Following harvest, a corn grower must usually decide whether to sell wet corn "as is" at a moisture discounted market price or mechanically dry the grain (on-farm or by custom drying) at a total cost the grower hopes is less than the moisture discount.
One of the expenses involved in mechanically drying grain is the "cost" of the weight loss that occurs during the drying process. This weight loss by drying is referred to as "shrink" and is expressed as a percentage of the original shrinkage in order to accurately determine the total cost of mechanical drying.
Grain buyers use a number of different procedures to calculate how much grain they will actually have after the grain they buy is dried. The calculation process is called "pencil shrink." Although pencil shrink is a somewhat complicated process, corn growers can maximize the net sale by understanding pencil shrink and evaluating the sale alternatives by obtaining more than one price quote when selling their grain.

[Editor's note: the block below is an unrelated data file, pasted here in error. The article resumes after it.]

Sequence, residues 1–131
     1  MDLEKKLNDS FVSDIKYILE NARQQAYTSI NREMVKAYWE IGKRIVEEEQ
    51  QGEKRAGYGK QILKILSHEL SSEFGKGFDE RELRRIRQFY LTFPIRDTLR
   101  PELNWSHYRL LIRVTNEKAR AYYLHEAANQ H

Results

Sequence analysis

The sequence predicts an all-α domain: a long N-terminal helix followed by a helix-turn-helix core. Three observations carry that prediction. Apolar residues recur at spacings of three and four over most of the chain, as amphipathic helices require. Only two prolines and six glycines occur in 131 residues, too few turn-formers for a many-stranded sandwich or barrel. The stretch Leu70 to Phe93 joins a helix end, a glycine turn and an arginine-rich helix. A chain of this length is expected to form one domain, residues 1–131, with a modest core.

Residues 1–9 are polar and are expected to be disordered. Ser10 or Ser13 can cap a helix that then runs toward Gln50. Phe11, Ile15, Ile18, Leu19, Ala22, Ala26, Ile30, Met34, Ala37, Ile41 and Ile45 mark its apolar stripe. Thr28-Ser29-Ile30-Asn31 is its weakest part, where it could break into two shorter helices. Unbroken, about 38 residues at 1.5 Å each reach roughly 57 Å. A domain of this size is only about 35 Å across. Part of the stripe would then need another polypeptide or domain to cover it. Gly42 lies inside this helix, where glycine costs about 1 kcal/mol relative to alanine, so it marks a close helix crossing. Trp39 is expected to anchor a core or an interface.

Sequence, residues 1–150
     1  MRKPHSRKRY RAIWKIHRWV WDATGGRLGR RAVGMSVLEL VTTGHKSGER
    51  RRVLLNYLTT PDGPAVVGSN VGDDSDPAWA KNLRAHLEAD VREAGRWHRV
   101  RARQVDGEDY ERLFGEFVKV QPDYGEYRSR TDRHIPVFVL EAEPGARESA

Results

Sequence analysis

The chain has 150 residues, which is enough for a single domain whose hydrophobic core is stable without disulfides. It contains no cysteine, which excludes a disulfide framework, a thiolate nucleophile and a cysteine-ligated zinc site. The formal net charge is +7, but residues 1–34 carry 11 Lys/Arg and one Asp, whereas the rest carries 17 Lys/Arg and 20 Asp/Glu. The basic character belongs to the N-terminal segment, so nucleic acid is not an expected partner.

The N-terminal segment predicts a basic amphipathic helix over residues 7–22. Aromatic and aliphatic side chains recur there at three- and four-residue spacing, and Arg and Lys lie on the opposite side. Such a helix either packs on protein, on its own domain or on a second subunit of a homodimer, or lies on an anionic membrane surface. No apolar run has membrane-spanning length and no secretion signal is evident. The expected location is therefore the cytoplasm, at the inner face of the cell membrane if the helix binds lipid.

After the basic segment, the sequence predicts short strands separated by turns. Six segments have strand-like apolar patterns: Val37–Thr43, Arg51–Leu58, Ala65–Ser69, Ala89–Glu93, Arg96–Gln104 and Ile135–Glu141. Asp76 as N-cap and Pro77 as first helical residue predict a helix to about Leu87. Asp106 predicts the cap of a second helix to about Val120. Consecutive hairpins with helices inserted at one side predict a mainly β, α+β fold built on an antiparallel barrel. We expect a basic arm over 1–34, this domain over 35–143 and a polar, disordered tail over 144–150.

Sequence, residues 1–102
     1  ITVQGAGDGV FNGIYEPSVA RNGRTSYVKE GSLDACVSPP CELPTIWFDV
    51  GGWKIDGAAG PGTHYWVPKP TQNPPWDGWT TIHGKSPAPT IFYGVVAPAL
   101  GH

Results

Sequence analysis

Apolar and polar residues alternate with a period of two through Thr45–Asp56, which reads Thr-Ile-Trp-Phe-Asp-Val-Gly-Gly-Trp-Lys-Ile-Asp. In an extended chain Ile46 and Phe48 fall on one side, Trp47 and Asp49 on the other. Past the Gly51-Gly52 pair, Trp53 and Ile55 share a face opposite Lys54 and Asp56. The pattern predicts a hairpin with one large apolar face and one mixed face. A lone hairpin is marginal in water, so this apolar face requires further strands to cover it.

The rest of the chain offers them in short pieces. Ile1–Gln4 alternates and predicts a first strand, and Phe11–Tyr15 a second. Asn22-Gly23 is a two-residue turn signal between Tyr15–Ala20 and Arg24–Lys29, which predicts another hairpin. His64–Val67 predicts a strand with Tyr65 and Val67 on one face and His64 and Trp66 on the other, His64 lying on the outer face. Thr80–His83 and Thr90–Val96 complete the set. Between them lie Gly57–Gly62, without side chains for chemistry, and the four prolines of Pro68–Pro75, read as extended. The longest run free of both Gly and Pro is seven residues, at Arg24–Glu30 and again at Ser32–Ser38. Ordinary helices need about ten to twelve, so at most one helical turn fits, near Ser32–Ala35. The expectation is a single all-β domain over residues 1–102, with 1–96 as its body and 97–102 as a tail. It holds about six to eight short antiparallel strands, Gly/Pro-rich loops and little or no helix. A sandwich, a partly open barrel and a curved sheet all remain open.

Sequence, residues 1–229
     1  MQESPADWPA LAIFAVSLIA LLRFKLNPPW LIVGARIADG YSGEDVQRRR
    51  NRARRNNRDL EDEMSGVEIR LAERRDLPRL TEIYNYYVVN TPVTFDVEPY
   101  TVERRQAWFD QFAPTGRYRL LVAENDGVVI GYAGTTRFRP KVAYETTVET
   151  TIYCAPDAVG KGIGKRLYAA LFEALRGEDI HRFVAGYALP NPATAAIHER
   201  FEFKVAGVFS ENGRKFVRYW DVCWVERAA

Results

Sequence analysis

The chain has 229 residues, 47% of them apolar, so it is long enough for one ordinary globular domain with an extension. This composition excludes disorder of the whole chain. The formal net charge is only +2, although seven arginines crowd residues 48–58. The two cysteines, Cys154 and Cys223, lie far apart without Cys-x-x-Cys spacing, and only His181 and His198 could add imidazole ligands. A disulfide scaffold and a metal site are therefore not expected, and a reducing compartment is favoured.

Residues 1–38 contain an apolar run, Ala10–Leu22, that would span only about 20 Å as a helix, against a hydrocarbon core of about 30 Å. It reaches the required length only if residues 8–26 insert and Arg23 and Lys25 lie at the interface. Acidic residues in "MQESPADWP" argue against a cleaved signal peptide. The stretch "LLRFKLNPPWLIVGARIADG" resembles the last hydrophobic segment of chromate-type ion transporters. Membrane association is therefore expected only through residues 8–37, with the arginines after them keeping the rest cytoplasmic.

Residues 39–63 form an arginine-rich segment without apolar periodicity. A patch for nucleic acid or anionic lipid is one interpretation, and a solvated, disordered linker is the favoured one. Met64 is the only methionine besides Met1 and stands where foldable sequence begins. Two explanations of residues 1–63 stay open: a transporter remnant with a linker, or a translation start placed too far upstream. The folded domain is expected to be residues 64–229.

There is no standard method for pencil shrink.
This publication describes several popular pencil shrink methods, provides examples of their calculations, and discusses the use of shrinkage as a basis for evaluating custom drying and grain sale alternatives.
By far, the major portion of weight loss by drying is the weight of the water that is removed. A good way to understand the basic concept of shrink is to consider the ideal situation where all of the weight loss is water.
Total water shrink is calculated by dividing the weight of water lost during drying by the total initial grain weight. The result is then multiplied by 100 and expressed as a percentage.
Grain weight shrinkage due to mechanical drying includes weight loss due to removal of both water and dry matter. Water shrink is by far the major component of total shrinkage and the easiest to calculate. Calculated dry matter losses tend to be variable due to different pencil shrink procedures used within the grain industry.
In order to accurately compare custom drying quotes or grain sale alternatives, the corn grower should determine the shrinkage costs associated with each and choose the alternative that either returns the greatest number of dry bushels or greatest net sale.
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Article made possible through the contribution of the Iowa State University.